Captain Janeway is portrayed as particularly irritable during this episode, as she often gets angry and overreacts to slight misfortune. It is revealed that the reason she feels this way is because aliens are experimenting on her, which include sticking spikes into her head.
Kate Mulgrew actually had a very easy time playing the angry and irritable Janeway, as “Scientific Method” was filmed at around the same time that she had given up smoking.
She has since claimed that this acted as a form of method acting, considering she was already pretty cranky from nicotine withdrawals. These feelings continued on throughout the season, which helped Mulgrew play a Janeway who was starting to feel the pressure of her situation.
4. Captain Janeway Became A Lesbian Sex Symbol
While the writers of Star Trek couldn’t officially out any of the characters as gay, they had an entire fan base that was willing to do it for them.
Star Trek was the series that birthed fan fiction as we know it, which was helped by the growing convention scene, which allowed fans to share their stories during the period before the Internet was created.
The idea that Kirk and Spock were gay had been embraced by the fans for a long time. When Janeway took the helm of Voyager, she inspired admiration from a different part of the fan base. It didn’t take long for the Janeway role to propel Kate Mulgrew to the status of a sex symbol among lesbian viewers of the show.
Kate Mulgrew has been aware of this affection for a long time, especially as it has been rekindled by her role in Orange is the New Black. She has spoken about how proud she is of helping to inspire such desire for a woman, due to her personality and presence, rather than just for her beauty.
3. Janeway’s Name Was Changed Due To Legal Reasons
The decision to go with a female Captain in Voyager was met with some resistance by the executives at Paramount. They insisted that the audition process include both sexes, which led to actors like Rene Rivera trying out for the role of Janeway. These male actors weren’t seriously considered for the role by the producers, which is why the final three candidates were all women.
When Captain Janeway was first being developed, her name in the scripts was written as Elizabeth Janeway. When the role of Janeway was first cast, it was decided that her name should be changed.
The reason for this was because there was already a famous Elizabeth Janeway, who was a feminist author. Paramount wanted to avoid any potential legal issues going forward, so the name was changed to Nicole Janeway before the name of Kathryn Janeway was decided upon. This name was a reference to Kate Mulgrew’s own first name, which is Katherine.
2. Kate Mulgrew Has Said That She Would Reprise The Role Of Janeway
One of the questions that every Star Trek actor has been asked at conventions is “Would you reprise your role if asked?”
There are some Star Trek actors who are dead against the idea of reprising the role for anything other than voice overs. Brent Spiner has said that he doesn’t want to play an older version of Data and would rather someone else take over the role.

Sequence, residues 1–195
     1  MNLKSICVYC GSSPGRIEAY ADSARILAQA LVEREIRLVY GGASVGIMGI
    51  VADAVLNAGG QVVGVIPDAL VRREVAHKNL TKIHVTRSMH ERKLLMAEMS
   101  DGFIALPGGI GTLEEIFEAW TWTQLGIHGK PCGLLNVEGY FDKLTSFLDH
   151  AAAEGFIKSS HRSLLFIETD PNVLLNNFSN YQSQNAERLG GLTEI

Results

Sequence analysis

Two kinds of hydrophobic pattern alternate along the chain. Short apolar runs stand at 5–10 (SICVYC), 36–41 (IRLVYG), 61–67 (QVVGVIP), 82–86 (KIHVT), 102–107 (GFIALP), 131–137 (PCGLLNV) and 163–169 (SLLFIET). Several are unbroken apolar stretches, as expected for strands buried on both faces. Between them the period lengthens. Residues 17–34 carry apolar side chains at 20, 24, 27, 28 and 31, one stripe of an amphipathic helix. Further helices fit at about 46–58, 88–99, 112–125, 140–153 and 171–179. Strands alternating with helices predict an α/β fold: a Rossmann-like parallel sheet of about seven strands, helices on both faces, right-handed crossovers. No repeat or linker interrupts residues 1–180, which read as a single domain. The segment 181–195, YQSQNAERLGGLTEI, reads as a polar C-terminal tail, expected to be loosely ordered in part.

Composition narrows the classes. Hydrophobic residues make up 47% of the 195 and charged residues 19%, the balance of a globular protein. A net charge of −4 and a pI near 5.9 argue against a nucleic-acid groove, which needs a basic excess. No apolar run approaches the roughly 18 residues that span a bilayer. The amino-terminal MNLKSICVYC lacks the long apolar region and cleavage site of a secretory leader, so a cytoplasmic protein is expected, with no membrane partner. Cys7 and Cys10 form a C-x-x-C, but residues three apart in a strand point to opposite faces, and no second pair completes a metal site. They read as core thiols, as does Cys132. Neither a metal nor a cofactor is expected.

Patrick Stewart also doesn’t want to reprise the role of Picard, even though he looks the same as he did when The Next Generation ended. There are some Star Trek actors who would absolutely reprise their role and have even pitched ideas to Paramount about starring in spin-offs, like a Captain Worf TV show or one following the Rikers aboard the Titan.
Kate Mulgrew has stated that she would love to reprise the role of Janeway if she was asked. She would love to play the Admiral version of Janeway, who gets to be one of the truly powerful people in the Federation.
1. Captain Janeway Was Played By A Different Actress For Two Days
It’s hard to imagine anyone playing Captain Janeway other than Kate Mulgrew. This almost happened, as she was actually the second choice to play the role of Janeway. The first person who played Captain Janeway in the Voyager pilot was Geneviève Bujold.
Geneviève Bujold is best known as a movie actress and was nominated for an Academy Award for her portrayal of Anne Boleyn. She won the audition to play Captain Janeway and was invited to film the pilot for Voyager.
It seems that the rigorous production and promotion schedule was too much for Bujold, as she was used to working on film sets. She also had difficulty learning the various scientific terms that a Star Trek actor would have to say. Rick Berman has confirmed that the stresses of working on Voyager caused Bujold to quit the production after only two days of filming.
The quick exit of Geneviève Bujold from the show turned out to be a blessing, as Kate Mulgrew was quickly brought up to speed and helped to make Voyager what it became. If Bujold had waited any longer and then walked off the show, then Paramount likely would have killed the pilot, as they wouldn’t have been willing to fund all of the reshoots.
Kate Mulgrew quickly made the role of Janeway her own and it is hard to think of anyone but her sitting in the Captain’s seat.
Can you think of any other interesting facts about Star Trek‘s Captain Janeway? Let us know in the comments!